Option 4: Introduction of comprehensive EU legislation against cybercrime : this option would entail new comprehensive EU legislation. In addition to introducing the soft-law measures in policy option 2 and the update in policy option 3, it would also tackle other legal problems related to Internet use (such as financial cybercrime, illegal Internet content, the collection/storage/transfer of electronic evidence…)

Option 5: Update of the Council of Europe Convention on Cybercrime : this option would require substantial renegotiation of the current Convention, which is a lengthy process and doesn’t seem realistic as there seems to be no international willingness to renegotiate the Convention.

The preferred policy option is a combination of non-legislative measures (option 2) with a targeted update of the Framework Decision (option 3).

LEGAL BASE: Article 83(1) of the Treaty on the Functioning of the European Union (TFEU).

CONTENT: the draft Directive, while repealing Framework Decision 2005/222/JHA, will retain its current provisions and include the following new elements:

On substantive criminal law in general , the proposed Directive:

1) Penalises the production, sale, procurement for use, import, distribution or otherwise making available of devices/tools used for committing the offences.

2) Includes aggravating circumstances :

the large-scale aspect of the attacks - botnets or similar tools would be addressed by introducing a new aggravating circumstance, in the sense that the act of putting in place a botnet or a similar tool would be an aggravating factor when crimes listed in the existing Framework Decision are committed; when such attacks are committed by concealing the real identity of the perpetrator and causing prejudice to the rightful identity owner. Any such rules would need to comply with the principles of legality and proportionality of criminal offences and penalties and be consistent with existing legislation on the protection of personal data .

3) Introduces ‘illegal interception’ as a criminal offence.

4) Introduces measures to improve European criminal justice cooperation by strengthening the existing structure of 24/7 contact points:

an obligation to comply with a request for assistance by the operational contact points (set out in Article 14 of the Directive) within a certain time limit is proposed. The Cybercrime Convention does not specify a binding provision of this kind. The aim of this measure is to ensure that the contact points indicate within a specified time whether they are able to provide a solution to the request for assistance, and by when the requesting point of contact can expect such a solution to be found. The actual content of the solutions is not specified.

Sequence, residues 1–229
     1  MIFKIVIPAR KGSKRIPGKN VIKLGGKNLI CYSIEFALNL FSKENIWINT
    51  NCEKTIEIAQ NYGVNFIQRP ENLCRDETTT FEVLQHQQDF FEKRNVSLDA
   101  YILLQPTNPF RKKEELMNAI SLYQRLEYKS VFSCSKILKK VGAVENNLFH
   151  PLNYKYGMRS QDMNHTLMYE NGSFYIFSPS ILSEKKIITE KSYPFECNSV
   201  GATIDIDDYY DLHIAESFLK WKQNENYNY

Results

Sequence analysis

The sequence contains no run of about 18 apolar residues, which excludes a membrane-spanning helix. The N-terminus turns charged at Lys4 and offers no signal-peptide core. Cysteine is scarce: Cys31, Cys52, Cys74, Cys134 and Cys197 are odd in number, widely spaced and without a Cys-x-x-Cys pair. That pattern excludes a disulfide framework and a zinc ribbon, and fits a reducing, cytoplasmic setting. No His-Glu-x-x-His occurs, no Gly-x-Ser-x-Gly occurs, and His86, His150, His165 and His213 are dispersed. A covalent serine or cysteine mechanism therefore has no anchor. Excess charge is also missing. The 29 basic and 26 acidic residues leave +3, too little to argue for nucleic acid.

5) Addresses the need to provide statistical data on cybercrimes by making it obligatory for the Member States to ensure that an adequate system is in place for the recording, production and provision of statistical data on the offences referred to in the existing Framework Decision and the newly added ‘illegal interception’.

Taking account of gravity of the crimes : the Directive contains in the definitions of criminal offences listed in articles 3, 4, 5 (illegal access to information systems, illegal systems interference and illegal interference) a provision allowing to criminalise only 'cases which are not minor' in the process of transposition of the directive into national law. This element of flexibility is intended to allow Member States not to cover cases that would in abstracto be covered by the basic definition but are considered not to harm the protected legal interest, e.g. in particular acts by young people who attempt to prove their expertise in information technology. This possibility to limit the scope of criminalisation should not however lead to the introduction of additional constitutive elements of offences beyond those that are already included in the Directive, because this would lead to the situation that only offences committed with the presence of aggravating circumstances are covered. In the process of transposition, Member States should refrain in particular from adding additional constitutive elements to the basic offences such as e.g. a special intention to derive illicit proceeds from crime or the presence of a specific effect such as causing a considerable damage.

BUDGETARY IMPLICATION: the implications of the proposal for the Union budget are small. More than 90% of the estimated cost of EUR 5 913 000 would be borne by the Member States and there is the possibility of applying for EU funding to reduce the cost.

Documents

Votes

A7-0224/2013 - Monika Hohlmeier - Résolution législative #

2013/07/04 Outcome: +: 541, -: 91, 0: 9
IT DE PL ES GB RO FR HU BG BE EL CZ SK PT IE HR DK AT SI SE NL EE FI LT MT LU LV CY
Total
58
86
47
45
59
27
66
18
16
20
21
19
12
19
11
11
12
18
7
8
20
6
9
4
4
5
6
6
icon: PPE PPE
232

Czechia PPE

2

Denmark PPE

For (1)

1

Sweden PPE

2

Estonia PPE

For (1)

1

Lithuania PPE

1

Malta PPE

2

Luxembourg PPE

3
2
icon: S&D S&D
167

Bulgaria S&D

3

Slovenia S&D

2

Sweden S&D

2

Netherlands S&D

1

Estonia S&D

For (1)

1

Finland S&D

1

Lithuania S&D

1

Malta S&D

2

Latvia S&D

1
icon: ALDE ALDE
69

Greece ALDE

1

Slovakia ALDE

For (1)

1
3

Slovenia ALDE

For (1)

1

Sweden ALDE

3

Finland ALDE

For (1)

1

Lithuania ALDE

1

Luxembourg ALDE

For (1)

1
icon: ECR ECR
43

Hungary ECR

For (1)

1

Belgium ECR